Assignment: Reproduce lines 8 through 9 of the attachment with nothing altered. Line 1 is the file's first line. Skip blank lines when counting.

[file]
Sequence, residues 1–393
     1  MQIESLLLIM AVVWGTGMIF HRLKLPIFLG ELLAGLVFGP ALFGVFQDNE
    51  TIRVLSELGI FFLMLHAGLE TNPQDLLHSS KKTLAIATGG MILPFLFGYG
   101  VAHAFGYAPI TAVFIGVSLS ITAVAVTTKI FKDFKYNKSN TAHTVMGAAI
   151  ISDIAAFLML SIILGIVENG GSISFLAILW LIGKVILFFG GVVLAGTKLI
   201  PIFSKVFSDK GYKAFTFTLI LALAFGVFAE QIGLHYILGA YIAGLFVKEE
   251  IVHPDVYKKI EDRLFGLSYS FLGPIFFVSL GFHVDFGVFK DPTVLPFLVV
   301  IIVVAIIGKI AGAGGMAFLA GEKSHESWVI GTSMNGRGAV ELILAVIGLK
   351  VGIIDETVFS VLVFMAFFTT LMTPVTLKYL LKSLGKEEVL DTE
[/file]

   301  IIVVAIIGKI AGAGGMAFLA GEKSHESWVI GTSMNGRGAV ELILAVIGLK
   351  VGIIDETVFS VLVFMAFFTT LMTPVTLKYL LKSLGKEEVL DTE